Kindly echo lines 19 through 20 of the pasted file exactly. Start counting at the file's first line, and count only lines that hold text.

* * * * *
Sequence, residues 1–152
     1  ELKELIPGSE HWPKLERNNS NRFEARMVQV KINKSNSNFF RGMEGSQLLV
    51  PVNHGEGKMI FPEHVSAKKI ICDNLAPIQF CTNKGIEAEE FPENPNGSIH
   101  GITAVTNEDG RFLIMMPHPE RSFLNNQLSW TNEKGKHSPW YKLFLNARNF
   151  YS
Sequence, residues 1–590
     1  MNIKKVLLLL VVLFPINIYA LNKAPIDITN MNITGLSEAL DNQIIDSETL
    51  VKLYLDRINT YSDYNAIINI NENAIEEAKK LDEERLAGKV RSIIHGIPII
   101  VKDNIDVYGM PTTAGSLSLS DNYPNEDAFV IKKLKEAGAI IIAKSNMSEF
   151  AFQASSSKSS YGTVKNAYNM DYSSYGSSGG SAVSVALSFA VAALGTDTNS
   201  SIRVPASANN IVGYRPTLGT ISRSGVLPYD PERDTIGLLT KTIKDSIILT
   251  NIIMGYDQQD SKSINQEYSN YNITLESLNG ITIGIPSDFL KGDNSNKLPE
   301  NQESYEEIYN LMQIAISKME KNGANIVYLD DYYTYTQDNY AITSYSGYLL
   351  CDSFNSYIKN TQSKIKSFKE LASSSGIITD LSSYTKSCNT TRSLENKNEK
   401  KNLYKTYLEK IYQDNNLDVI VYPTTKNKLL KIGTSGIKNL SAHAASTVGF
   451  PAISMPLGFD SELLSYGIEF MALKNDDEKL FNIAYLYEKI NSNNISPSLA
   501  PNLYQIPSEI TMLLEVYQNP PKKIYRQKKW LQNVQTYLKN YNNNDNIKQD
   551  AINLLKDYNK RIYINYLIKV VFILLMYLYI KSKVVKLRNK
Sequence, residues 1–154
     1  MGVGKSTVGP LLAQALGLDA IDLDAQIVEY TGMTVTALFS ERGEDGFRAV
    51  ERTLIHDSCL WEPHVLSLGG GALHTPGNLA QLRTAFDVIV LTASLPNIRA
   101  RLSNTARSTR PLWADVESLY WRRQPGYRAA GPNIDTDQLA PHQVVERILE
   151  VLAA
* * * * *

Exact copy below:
Sequence, residues 1–154
     1  MGVGKSTVGP LLAQALGLDA IDLDAQIVEY TGMTVTALFS ERGEDGFRAV